Doctor Who, episode 3, spoiler-free review: Steven Moffat’s explosive return is a bit of a dud

Millie Gibson and Ncuti Gatwa in 'Boom', episode 3 of series 14 of Doctor Who
Millie Gibson and Ncuti Gatwa in Boom - BBC Studios/Bad Wolf/James Pardon

Episode three of the new Doctor Who (BBC One/Disney+) is called Boom, but a more accurate title would be Pffft. It consists of Ncuti Gatwa’s Time Lord standing on a landmine for half an hour while crying.

Boom is written by former Doctor Who showrunner Steven Moffat, who has returned to the Whoniverse for one week only. It is an abrupt change in tone from the twee Space Babies and The Devil’s Chord – we’re on a grim, burning battlefield on the planet Kastarion 3. Moffat says in the programme notes that he wanted to write a story full of suspense and tension. But there is none, because they’re hardly going to blow up the new Doctor, are they? Consequently, Moffat is just filling time.

What does he fill it with? Well, there are Big Themes. One is that war is bad, and people who sell weapons of war are really bad. As Doctor Who is aimed at children, it’s fine to include this basic stuff. The battlefield is patrolled by “ambulances” run by algorithms and controlled by an arms-dealing corporation, which dispatch injured soldiers.

Theme Two: religion is bad. I’m going to hazard a guess that Moffat is an atheist, because the gun-toting soldiers here wear dog collars and are “ordained Anglican marines”. “Since when was the Church an army?” asks Ruby (Millie Gibson). “Since most of your history. You’ve been living in a blip,” replies the Doctor. When a little girl explains that her mummy “got gathered up by God”, the implication is that she’s fallen for all that nonsense about heaven. About 20 minutes later, this child is cheerily referring to her parent as “just dead”.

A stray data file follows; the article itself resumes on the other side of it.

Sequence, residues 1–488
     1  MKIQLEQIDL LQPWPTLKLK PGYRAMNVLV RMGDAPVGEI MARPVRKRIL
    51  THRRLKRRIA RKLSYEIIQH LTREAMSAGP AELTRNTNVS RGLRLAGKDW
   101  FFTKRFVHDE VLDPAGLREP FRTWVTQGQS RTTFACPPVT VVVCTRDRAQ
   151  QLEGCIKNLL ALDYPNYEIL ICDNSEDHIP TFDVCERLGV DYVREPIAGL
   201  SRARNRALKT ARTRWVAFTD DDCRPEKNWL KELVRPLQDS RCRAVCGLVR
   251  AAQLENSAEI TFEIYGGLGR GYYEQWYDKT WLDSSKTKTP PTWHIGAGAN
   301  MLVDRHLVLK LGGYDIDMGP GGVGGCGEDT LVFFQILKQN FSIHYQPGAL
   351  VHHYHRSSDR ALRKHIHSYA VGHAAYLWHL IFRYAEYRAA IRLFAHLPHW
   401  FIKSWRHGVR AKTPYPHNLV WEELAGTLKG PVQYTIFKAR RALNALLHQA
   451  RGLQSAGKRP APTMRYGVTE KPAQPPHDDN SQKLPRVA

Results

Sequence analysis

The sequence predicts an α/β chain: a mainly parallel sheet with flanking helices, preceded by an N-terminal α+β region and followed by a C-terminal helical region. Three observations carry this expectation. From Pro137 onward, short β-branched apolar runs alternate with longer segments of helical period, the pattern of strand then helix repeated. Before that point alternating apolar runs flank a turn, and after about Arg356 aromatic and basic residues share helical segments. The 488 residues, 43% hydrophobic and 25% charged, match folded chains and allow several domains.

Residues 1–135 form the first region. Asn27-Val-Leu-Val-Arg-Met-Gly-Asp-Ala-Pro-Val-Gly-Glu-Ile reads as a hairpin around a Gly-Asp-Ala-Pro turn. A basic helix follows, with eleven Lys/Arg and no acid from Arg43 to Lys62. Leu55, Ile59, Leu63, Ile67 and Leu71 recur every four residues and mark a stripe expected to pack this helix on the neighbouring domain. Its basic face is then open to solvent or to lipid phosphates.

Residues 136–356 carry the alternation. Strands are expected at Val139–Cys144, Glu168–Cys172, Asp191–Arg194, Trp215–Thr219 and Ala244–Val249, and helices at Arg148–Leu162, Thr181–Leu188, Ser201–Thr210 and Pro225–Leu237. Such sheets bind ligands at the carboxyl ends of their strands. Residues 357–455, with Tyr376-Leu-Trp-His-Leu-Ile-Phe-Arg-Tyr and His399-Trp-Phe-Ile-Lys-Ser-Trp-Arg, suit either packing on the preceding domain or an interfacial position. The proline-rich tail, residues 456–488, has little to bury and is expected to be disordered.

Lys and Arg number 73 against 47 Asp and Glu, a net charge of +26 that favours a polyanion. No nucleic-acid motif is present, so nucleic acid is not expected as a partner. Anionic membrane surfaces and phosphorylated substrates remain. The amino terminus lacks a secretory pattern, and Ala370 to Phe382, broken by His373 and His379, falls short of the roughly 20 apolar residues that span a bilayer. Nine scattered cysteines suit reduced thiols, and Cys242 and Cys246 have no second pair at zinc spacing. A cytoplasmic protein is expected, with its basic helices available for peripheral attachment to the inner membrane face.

Moffat throws in little references for Whovians to pick up. So the Doctor sings The Skye Boat Song, which has featured in Doctor Who episodes long past. Tom Baker stepped on a landmine in Genesis of the Daleks. There are also cultural references, perhaps just to make the script seem clever, such as the suggestion that the Doctor has been hanging around with Philip Larkin. “A sad old man once told me: ‘What survives of us is love’,” he tells Ruby.

For most of the episode there are fat tears rolling down Gatwa’s cheeks. It is Russell T Davies’s professed aim to make Gatwa a more emotional Doctor, who wears his two hearts on his sleeve. Unfortunately, this also means the Doctor has some soppy stuff to deliver. “Snow isn’t snow until it falls,” he says, which alludes to the mystery surrounding Ruby’s parentage but is also completely meaningless.

You can’t escape the Disney influence, and not just with a set and costumes which look like Star Wars leftovers. There’s a cute kid and a cheesy ending. But it’s far darker than previous Gatwa episodes. His only joke comes when he says of the landmine: “I had to deactivate one of these once at a lesbian gymkhana. Underwater. For a bet.”

Boom is available on BBC iPlayer and Disney+ now; it is also on BBC One this evening at 6.50pm